LOL! I just couldn't help myself! With all the Halloween questions I needed a change of pace. So.. here is the issue -- this is a holiday patently offensive to Native Americans. It marks the beginning of their being betrayed, abused and enslaved, when they welcomed new settlers with open arms and helped them survive. So, should this be celebrated? If you say yes -- Would you feel differently if it was something that marked the beginning of slavery for Black Americans? I've noticed that often with Native Americans people say "get over it" but they would never say that about other races - why do you think that is?
Answer by Feridust at 5:29 PM on Oct. 21, 2008
Answer by KristiS11384 at 5:24 PM on Oct. 21, 2008
Answer by iloveyall2008 at 5:30 PM on Oct. 21, 2008
Answer by KristiS11384 at 5:32 PM on Oct. 21, 2008
Answer by Patrina1981 at 5:33 PM on Oct. 21, 2008
Answer by DusterMommy at 5:35 PM on Oct. 21, 2008
I can celebrate what I am thankful for everyday. I love me some Thanksgiving...matter of fact its my favorite holiday with my family, but logically speaking, you can spend family time like that any day of the year. Just like Cmas...you can do gift giving any time of the year. It is not Jesus' bday anyway, nor does he say for us to celebrate it. (for real, if you give it some time to research you will find that your pastor is WRONG when he says it is!) Mothers Day, that too. You can show your mom some love on any given day. (I better still get my roses! LOL)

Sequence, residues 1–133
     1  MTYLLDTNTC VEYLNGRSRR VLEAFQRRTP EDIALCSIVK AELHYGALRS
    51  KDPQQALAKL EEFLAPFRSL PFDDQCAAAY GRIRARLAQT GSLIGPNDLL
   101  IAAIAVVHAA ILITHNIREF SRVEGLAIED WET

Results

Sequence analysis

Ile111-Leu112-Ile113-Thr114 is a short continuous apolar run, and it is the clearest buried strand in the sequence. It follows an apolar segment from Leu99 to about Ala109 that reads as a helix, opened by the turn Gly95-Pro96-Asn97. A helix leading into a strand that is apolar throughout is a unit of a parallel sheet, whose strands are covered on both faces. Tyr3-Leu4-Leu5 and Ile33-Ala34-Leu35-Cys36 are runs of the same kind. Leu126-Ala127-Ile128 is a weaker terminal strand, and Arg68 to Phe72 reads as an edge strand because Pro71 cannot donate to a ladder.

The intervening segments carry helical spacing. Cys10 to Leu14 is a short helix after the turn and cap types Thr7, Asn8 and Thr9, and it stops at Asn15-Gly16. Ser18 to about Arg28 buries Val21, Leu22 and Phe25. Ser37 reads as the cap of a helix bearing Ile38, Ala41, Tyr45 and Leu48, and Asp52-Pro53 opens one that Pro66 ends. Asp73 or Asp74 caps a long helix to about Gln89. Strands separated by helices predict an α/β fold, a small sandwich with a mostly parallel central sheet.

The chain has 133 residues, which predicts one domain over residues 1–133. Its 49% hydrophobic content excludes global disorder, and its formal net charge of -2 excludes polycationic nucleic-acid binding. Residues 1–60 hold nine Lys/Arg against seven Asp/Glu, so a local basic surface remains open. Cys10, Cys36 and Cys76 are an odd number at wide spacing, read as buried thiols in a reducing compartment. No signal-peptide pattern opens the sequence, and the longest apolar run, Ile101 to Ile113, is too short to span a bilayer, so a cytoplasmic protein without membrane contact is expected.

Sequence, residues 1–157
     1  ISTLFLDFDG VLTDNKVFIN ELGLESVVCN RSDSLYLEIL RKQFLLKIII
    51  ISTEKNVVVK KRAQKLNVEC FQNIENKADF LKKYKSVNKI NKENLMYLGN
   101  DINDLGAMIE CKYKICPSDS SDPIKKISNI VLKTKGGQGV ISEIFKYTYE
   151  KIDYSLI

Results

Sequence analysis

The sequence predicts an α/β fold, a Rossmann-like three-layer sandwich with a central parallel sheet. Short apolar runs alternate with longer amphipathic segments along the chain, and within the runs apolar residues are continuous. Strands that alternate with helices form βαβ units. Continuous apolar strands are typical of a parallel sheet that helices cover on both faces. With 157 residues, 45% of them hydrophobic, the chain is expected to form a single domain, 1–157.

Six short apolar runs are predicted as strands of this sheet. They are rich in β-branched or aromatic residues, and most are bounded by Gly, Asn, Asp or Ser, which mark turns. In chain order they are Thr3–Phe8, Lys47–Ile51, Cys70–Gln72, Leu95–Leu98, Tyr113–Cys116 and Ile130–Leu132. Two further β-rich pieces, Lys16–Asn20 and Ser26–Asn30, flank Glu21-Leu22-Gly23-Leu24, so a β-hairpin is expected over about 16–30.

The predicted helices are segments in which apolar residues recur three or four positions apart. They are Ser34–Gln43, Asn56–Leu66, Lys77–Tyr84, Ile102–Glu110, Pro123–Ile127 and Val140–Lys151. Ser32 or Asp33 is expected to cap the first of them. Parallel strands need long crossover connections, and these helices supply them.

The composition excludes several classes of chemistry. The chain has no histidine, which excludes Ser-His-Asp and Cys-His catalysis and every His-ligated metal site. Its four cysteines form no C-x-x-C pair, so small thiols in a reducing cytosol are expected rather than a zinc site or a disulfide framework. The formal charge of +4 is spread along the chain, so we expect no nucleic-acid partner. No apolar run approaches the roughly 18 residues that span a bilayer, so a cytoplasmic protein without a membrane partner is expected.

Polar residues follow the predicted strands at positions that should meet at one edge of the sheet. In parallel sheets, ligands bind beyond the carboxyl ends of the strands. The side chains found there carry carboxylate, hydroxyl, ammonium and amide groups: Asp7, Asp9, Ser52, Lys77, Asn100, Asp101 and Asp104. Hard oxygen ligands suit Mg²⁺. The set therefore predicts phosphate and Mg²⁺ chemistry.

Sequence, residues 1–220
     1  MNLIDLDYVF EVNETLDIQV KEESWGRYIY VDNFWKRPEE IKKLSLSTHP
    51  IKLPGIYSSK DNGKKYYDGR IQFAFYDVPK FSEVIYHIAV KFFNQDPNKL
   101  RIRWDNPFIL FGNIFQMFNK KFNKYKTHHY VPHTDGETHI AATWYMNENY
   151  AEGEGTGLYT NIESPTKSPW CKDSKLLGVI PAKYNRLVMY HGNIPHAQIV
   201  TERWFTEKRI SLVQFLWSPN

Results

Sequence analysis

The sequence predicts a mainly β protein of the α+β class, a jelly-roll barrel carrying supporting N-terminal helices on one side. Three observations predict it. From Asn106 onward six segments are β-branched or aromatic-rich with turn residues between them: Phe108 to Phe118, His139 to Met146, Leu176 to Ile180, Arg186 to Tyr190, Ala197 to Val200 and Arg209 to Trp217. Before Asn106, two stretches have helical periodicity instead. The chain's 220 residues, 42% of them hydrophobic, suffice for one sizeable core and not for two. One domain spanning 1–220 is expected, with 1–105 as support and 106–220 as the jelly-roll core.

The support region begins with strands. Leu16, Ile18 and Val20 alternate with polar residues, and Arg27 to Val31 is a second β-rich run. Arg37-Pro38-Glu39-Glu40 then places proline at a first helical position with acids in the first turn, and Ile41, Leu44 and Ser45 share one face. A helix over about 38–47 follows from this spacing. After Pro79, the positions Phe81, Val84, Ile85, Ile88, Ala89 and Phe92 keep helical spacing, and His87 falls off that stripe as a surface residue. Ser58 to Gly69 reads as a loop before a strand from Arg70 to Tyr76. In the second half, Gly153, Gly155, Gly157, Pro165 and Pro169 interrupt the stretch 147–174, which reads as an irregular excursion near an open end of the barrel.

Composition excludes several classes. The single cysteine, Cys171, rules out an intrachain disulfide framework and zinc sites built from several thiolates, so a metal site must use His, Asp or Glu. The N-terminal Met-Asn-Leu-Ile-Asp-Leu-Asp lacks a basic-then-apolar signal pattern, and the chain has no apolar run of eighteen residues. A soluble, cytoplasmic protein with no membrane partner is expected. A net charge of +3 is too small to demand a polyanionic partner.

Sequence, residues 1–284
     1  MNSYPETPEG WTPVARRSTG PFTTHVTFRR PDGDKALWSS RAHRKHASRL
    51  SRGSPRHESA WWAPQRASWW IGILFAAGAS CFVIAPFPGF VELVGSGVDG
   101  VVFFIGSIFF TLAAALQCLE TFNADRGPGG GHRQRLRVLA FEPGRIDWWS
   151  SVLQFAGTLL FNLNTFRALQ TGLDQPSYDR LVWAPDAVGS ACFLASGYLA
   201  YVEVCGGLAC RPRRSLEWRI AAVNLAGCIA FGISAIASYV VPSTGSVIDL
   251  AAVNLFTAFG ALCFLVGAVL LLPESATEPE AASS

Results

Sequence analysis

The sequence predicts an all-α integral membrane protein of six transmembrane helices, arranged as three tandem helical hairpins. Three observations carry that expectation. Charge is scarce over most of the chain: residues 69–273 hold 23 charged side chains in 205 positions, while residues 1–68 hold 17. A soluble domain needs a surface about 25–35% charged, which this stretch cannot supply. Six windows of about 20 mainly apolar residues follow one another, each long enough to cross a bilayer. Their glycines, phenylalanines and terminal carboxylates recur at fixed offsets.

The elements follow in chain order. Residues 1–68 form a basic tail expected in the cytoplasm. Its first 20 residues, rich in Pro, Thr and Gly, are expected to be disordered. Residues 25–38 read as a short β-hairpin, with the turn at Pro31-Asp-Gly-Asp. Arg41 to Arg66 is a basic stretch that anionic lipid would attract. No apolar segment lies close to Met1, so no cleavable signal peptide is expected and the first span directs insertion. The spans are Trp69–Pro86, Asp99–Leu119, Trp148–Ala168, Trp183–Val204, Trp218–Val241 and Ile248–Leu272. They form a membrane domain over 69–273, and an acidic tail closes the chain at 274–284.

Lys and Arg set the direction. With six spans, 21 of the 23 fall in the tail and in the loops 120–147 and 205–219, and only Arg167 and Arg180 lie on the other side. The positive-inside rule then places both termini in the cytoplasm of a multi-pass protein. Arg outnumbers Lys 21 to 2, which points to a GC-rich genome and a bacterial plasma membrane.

Commercial ladies. That is all it's about...sell sell sell.
Answer by Patrina1981 at 5:38 PM on Oct. 21, 2008
Found somethign on it Feridust and I want to ask if this was the lie you mentioned http://www.2020tech.com/thanks/temp.html
Answer by KristiS11384 at 6:06 PM on Oct. 21, 2008
Â KristiS~ You're right...it did happen afterward, sorry I wasn't very clear.
Â I meant that Thanksgiving is rarely if ever referred to in the way in which it officially began in 1637 when the Governor of Massachusetts Bay Colony declared a day of Thanksgiving. He thanked God that returning Dutch and English mercenaries had eliminated 700 men, women and children of the Pequot tribe who had gathered for their annual Green Corn Dance. Over the next 100 years Thanksgiving was ordained as a day of thanking God for this "victory".
Thanksgiving is almost always mistakenly referred to as the day in 1621 when the Pilgrims sat down to a feast with some of the local Indians. The fact that Miles Standish actively sought the killing of a local chief just before that day is also nearly always left out.
Answer by Feridust at 6:10 PM on Oct. 21, 2008
Answer by Feridust at 6:13 PM on Oct. 21, 2008